Both, however, said the money is going to a good cause, a consideration that drives their own involvement.
“I believe in the precept from our commandments that we should give 10 percent of our income to charity,” said Sokol, “so when I plan my year and my budget, I put money aside for that purpose.” She added that she also “thinks about the organization” behind the function when deciding which events to attend.
Shapiro said “the reality” of producing a fundraising event often dictates the high cost of admission. Like other areas of federation, he continued, Generosity tries to maintain a balance among various objectives, such as building community and raising funds for the services it provides. Other events are either free of charge or carry a lower cost, he said.
Echoing those comments, Cahn suggested looking at “the roster of programs” sponsored by Generosity. “We run literally hundreds of programs each year that have nothing to do with fundraising,” many of which are educational or emphasize social action. The group, he said, targets a range of young professionals, from real estate magnates and hedge fund managers to members of the community who hope to learn something about a Jewish topic or meet other young Jews.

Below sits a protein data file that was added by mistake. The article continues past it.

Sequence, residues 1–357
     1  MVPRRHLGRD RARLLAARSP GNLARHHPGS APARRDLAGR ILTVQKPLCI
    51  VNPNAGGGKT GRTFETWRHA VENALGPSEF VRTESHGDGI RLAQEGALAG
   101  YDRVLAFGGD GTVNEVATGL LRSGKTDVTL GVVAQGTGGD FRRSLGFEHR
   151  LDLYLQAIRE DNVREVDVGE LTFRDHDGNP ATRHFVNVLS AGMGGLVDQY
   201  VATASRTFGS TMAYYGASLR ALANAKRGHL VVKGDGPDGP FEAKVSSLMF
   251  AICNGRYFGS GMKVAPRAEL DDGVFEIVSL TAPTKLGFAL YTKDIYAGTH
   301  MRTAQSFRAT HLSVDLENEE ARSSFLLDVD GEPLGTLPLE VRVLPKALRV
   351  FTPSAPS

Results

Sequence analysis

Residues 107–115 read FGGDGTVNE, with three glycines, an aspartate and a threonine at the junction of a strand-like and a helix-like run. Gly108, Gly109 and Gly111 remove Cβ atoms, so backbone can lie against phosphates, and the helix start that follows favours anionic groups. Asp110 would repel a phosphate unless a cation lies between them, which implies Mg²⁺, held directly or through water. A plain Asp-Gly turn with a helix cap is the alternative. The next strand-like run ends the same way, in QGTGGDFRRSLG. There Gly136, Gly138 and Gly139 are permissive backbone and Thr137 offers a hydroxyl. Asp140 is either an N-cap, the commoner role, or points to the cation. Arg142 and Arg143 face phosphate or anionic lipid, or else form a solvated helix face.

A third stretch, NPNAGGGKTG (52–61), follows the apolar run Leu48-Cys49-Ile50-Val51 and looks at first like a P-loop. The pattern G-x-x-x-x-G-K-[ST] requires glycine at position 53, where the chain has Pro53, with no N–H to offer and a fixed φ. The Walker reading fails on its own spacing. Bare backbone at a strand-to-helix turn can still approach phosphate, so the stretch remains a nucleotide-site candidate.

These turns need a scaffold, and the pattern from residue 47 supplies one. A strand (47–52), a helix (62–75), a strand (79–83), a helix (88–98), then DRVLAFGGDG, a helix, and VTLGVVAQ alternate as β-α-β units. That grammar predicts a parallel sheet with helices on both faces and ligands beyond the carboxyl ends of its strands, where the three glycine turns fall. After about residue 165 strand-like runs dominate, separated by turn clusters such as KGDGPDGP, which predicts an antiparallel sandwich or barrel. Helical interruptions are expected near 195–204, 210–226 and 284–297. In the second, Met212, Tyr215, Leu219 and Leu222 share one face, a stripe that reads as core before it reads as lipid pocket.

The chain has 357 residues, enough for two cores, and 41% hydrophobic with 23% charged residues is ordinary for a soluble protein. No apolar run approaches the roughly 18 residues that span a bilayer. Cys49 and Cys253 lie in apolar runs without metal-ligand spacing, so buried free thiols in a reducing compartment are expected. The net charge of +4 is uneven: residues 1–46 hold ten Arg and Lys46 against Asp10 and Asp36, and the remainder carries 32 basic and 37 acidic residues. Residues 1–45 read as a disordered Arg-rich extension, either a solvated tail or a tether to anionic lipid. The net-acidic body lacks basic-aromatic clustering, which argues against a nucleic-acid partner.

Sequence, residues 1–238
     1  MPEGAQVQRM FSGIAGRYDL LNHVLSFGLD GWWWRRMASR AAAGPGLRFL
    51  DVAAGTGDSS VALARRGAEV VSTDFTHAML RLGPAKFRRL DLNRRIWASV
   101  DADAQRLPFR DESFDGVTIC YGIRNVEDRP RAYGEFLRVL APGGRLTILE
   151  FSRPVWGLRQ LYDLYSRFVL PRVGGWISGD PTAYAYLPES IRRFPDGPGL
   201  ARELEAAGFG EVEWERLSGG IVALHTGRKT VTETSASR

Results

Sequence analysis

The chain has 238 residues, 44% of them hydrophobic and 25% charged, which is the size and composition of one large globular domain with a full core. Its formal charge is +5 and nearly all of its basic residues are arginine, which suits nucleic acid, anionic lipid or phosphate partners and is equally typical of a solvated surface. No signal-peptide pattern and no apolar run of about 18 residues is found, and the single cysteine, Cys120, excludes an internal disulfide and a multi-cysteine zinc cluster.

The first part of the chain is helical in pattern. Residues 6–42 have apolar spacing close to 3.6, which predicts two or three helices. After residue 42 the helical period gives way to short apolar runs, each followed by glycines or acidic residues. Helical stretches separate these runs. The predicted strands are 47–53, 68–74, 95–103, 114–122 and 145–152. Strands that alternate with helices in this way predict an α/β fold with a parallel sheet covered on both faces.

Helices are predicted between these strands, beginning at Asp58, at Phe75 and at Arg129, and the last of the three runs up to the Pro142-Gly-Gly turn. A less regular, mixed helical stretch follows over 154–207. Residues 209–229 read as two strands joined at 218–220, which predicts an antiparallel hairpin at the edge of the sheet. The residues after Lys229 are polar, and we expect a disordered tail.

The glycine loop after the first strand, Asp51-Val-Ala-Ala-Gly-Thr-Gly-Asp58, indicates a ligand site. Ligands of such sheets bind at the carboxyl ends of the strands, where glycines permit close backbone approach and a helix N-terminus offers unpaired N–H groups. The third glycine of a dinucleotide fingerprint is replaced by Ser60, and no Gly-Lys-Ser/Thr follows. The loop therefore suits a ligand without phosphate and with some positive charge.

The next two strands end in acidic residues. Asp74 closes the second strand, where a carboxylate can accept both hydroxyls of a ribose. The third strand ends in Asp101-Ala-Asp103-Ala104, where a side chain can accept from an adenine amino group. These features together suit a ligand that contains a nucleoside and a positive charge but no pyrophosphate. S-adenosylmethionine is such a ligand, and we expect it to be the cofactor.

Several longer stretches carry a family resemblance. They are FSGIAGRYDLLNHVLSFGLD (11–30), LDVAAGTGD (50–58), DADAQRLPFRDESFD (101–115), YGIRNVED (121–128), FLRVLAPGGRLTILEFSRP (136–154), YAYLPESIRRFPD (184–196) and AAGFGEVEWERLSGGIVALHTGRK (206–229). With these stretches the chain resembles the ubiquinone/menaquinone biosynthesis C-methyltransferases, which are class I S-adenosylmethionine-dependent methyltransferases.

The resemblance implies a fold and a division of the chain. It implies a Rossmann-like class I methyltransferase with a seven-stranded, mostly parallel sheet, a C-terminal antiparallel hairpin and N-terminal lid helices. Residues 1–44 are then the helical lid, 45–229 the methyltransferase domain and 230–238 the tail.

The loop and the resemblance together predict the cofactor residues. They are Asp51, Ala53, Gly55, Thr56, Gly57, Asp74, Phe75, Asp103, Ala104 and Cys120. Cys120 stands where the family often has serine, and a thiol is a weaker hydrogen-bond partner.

“I always want to have different programming for different people,” said Michelle Waranch, manager of ELP and the main organizer of last week’s party. While Generosity events “tend to be a little higher end,” she said, the group also sponsors monthly volunteer activities that are “totally free” and open to anyone who wants to attend. Projects have included delivering food packages to the homebound elderly, sprucing up the grounds of a Jewish day camp, hosting a party for underprivileged children and working the phones at Super Sunday.